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Sunday, September 15, 2019  Spokane, Washington  Est. May 19, 1883
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News >  Home and garden

In the Garden: Help children cultivate interest in gardening

UPDATED: Mon., March 4, 2019, 11:45 a.m.

Radishes are a good choice for children’s gardens because they come in fun colors and are ready to harvest quickly. (Shutterstock)
Radishes are a good choice for children’s gardens because they come in fun colors and are ready to harvest quickly. (Shutterstock)

It’s interesting how early childhood experiences can impact a person’s entire life.

In my case, the norm for my family was to be outside, planting and tending a garden. I learned about gardening from my parents and especially from my grandmother, whose love for growing gorgeous flowers and tasty produce was contagious. My three sisters – two of whom are Master Gardeners – grow amazing gardens every year. And here I am, a Master Gardener who’s doing the same and feeling privileged to share my love of gardening with you.

All of us have the opportunity to involve kids in the garden. This year, I’m challenging you to do this with your children, grandchildren, nieces, nephews or neighbor kids, because gardening will become a lifelong passion for them.

A child’s first garden should be small and simple so they won’t feel overwhelmed or that tending it is a chore. No matter how you proceed, make it fun.

Choose a sunny location that gets at least six hours of sunlight daily. If the sunniest spot you’ve got is on a deck or patio, use a large container for your child’s garden. Make sure there’s a water source nearby. Plants need to be watered regularly, but the soil should never get sopping wet. Conversely, plants shouldn’t be allowed to completely dry out and wilt.

Let your young gardener pick out some vegetable and flower seeds at the garden center, plant those seeds and watch them grow. Show them how bees pollinate the flowers, or how ladybugs eat aphids. Teach them how to problem-solve if a challenge comes along.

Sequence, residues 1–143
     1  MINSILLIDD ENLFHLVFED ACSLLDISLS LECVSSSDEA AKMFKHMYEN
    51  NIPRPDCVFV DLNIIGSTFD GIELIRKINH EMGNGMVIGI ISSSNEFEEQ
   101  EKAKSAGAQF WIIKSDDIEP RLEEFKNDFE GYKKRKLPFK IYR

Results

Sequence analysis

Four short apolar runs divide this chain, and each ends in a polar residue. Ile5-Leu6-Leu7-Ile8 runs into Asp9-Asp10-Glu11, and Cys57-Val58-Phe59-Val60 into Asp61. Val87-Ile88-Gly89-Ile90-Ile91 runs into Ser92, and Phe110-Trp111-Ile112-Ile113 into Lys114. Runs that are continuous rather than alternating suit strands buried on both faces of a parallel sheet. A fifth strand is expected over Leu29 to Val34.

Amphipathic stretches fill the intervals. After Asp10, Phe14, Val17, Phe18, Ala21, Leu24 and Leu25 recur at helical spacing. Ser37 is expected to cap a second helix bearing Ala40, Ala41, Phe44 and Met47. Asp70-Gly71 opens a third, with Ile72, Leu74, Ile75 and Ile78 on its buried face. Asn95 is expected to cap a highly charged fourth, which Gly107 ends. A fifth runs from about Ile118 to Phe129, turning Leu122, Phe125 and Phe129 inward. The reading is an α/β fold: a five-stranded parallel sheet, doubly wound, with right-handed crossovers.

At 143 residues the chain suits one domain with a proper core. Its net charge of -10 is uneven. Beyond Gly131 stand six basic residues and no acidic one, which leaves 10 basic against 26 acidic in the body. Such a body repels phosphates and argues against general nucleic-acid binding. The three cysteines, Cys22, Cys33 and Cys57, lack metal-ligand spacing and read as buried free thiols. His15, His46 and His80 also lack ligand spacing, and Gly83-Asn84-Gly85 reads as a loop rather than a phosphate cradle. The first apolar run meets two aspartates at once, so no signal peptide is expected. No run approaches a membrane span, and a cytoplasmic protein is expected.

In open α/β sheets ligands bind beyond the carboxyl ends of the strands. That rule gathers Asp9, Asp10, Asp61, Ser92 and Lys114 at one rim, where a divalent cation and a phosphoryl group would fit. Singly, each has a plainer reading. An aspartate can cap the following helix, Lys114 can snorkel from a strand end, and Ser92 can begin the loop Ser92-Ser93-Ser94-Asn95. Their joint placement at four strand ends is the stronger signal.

Here are some examples of easy vegetables to grow:

While one might not think of radishes as something kids typically eat, they’re a good choice: radishes come in cool colors, the seeds sprout very quickly and the plants are ready to harvest in about three weeks. Zucchini squash plants are very productive. Cherry or grape tomatoes make great pop-in-your-mouth snacks. What about letting kids grow their own pumpkins? Or consider building a wooden teepee structure that your child can sit inside while pole beans or snap peas climb all over it.

Sunflowers are easy to grow and they’ll attract pollinators. There are giant varieties such as Mammoth Grey Stripe or Titan, which can grow 6 to 14 feet in height. What child wouldn’t love to enter their tall sunflowers in the fair?

While kids might think playing games or using cellphones is a lot more fun than growing a garden, let them use the camera on a phone to chronicle the plants’ growth and provide them with bragging rights. Have them use the phone to help you identify bugs or locate more information on growing specific vegetables.

Seed packets and plant tags provide growing information but you can also ask your local Master Gardeners for advice. Contact them in Spokane County at (509) 477-2181 or in Kootenai County at (208) 446-1680.

If you have never grown a garden before, this is the perfect opportunity for you and your child to learn together. Growing a garden is not difficult and, even if you make a mistake, you can rest assured that your skills will improve each year.

Above all, remember that you are positively impacting a child’s life. And watch for that proud smile when you serve what they grew at a family meal.

For more information about kid’s gardens, watch this week’s “Everyone Can Grow A Garden” video on my YouTube channel, youtube.com/c/susansinthegarden.

Susan Mulvihill is co-author, with Pat Munts, of “Northwest Gardener’s Handbook.” Contact her at Susan@susansinthegarden.com.

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